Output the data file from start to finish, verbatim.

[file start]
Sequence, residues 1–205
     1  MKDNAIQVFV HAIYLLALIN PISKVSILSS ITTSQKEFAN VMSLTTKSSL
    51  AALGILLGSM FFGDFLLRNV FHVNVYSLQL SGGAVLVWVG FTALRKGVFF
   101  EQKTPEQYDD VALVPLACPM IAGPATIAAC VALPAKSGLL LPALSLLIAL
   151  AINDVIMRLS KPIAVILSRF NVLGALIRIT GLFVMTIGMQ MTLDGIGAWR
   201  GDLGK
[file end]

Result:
Sequence, residues 1–205
     1  MKDNAIQVFV HAIYLLALIN PISKVSILSS ITTSQKEFAN VMSLTTKSSL
    51  AALGILLGSM FFGDFLLRNV FHVNVYSLQL SGGAVLVWVG FTALRKGVFF
   101  EQKTPEQYDD VALVPLACPM IAGPATIAAC VALPAKSGLL LPALSLLIAL
   151  AINDVIMRLS KPIAVILSRF NVLGALIRIT GLFVMTIGMQ MTLDGIGAWR
   201  GDLGK